descriptionForty-three patients with severe pump failure complicating acute myocardial infarction were treated with vasodilators (nitroprusside (40) and phentolamine (3)) for four hours to 27 days. Cardiac index, stroke volume index, and stroke work index (SWI) increased while the left ventricular filling pressure (LVFP) decreased during vasodilator therapy. Twenty-four of the 43 patients (56%) survived. Of patients with initial SWI between 11–20 gm-m/mi and LVFP < 15 mm Hg, 68% survived. In contrast only 18% of patients with SWI of 10 gm-m/mi or less and LVFP > 15 mm Hg survived. Of the 17 patients with clinical shock, 8 (47%) survived.All 24 patients discharged from the hospital were followed for at least 12 months. Fourteen patients died one to 25 months (average 9.2 months) after discharge and the cause of death was pump failure in ten of them (71%). The ten survivors at last follow-up had been followed for 15 to 32 months (average 24 months). The cumulative survival at 24 months was 28%. Thus, despite improvement in shortterm prognosis with vasodilator therapy in patients with severe pump failure complicating acute myocardial infarction, the prognosis for long term survival remains unfavorable, possibly due to severe intrinsic cardiac damage.
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titleEffects of Vasodilator Therapy for Severe Pump Failure in Acute Myocardial Infarction on Short-term and Late Prognosis
descriptionForty-three patients with severe pump failure complicating acute myocardial infarction were treated with vasodilators (nitroprusside (40) and phentolamine (3)) for four hours to 27 days. Cardiac index, stroke volume index, and stroke work index (SWI) increased while the left ventricular filling pressure (LVFP) decreased during vasodilator therapy. Twenty-four of the 43 patients (56%) survived. Of patients with initial SWI between 11–20 gm-m/mi and LVFP < 15 mm Hg, 68% survived. In contrast only 18% of patients with SWI of 10 gm-m/mi or less and LVFP > 15 mm Hg survived. Of the 17 patients with clinical shock, 8 (47%) survived.All 24 patients discharged from the hospital were followed for at least 12 months. Fourteen patients died one to 25 months (average 9.2 months) after discharge and the cause of death was pump failure in ten of them (71%). The ten survivors at last follow-up had been followed for 15 to 32 months (average 24 months). The cumulative survival at 24 months was 28%. Thus, despite improvement in shortterm prognosis with vasodilator therapy in patients with severe pump failure complicating acute myocardial infarction, the prognosis for long term survival remains unfavorable, possibly due to severe intrinsic cardiac damage.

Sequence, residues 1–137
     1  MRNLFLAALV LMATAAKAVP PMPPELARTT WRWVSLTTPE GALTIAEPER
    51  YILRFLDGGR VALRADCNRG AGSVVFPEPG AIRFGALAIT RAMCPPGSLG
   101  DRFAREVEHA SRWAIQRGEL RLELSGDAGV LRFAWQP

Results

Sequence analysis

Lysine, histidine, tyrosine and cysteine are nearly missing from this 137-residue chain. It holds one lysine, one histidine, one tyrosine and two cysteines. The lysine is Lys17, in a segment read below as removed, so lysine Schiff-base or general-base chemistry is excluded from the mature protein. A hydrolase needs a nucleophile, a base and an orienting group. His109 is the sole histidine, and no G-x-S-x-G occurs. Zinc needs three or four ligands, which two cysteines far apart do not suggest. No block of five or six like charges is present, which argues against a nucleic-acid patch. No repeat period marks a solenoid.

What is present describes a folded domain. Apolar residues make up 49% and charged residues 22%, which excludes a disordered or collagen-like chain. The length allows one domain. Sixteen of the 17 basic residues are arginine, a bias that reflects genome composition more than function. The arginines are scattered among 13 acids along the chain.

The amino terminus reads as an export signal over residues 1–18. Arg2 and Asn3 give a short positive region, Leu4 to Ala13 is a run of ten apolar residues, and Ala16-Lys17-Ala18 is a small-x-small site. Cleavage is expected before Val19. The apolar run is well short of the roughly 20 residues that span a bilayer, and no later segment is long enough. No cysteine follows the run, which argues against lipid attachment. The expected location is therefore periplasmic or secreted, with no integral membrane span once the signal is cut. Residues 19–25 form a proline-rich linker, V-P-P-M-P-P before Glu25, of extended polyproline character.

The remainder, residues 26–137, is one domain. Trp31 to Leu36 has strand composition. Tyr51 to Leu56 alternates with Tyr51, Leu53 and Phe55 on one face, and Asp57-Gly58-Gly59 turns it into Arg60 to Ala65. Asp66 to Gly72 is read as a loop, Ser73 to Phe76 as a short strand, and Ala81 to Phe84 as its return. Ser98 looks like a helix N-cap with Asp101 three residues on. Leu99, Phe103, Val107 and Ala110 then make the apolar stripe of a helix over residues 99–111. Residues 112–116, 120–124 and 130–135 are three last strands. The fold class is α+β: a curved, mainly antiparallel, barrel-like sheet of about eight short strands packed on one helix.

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abstractForty-three patients with severe pump failure complicating acute myocardial infarction were treated with vasodilators (nitroprusside (40) and phentolamine (3)) for four hours to 27 days. Cardiac index, stroke volume index, and stroke work index (SWI) increased while the left ventricular filling pressure (LVFP) decreased during vasodilator therapy. Twenty-four of the 43 patients (56%) survived. Of patients with initial SWI between 11–20 gm-m/mi and LVFP < 15 mm Hg, 68% survived. In contrast only 18% of patients with SWI of 10 gm-m/mi or less and LVFP > 15 mm Hg survived. Of the 17 patients with clinical shock, 8 (47%) survived.All 24 patients discharged from the hospital were followed for at least 12 months. Fourteen patients died one to 25 months (average 9.2 months) after discharge and the cause of death was pump failure in ten of them (71%). The ten survivors at last follow-up had been followed for 15 to 32 months (average 24 months). The cumulative survival at 24 months was 28%. Thus, despite improvement in shortterm prognosis with vasodilator therapy in patients with severe pump failure complicating acute myocardial infarction, the prognosis for long term survival remains unfavorable, possibly due to severe intrinsic cardiac damage.
pub© 1976 American Heart Association, Inc.
doi10.1161/01.CIR.53.5.797
eissn15244539
date1976-05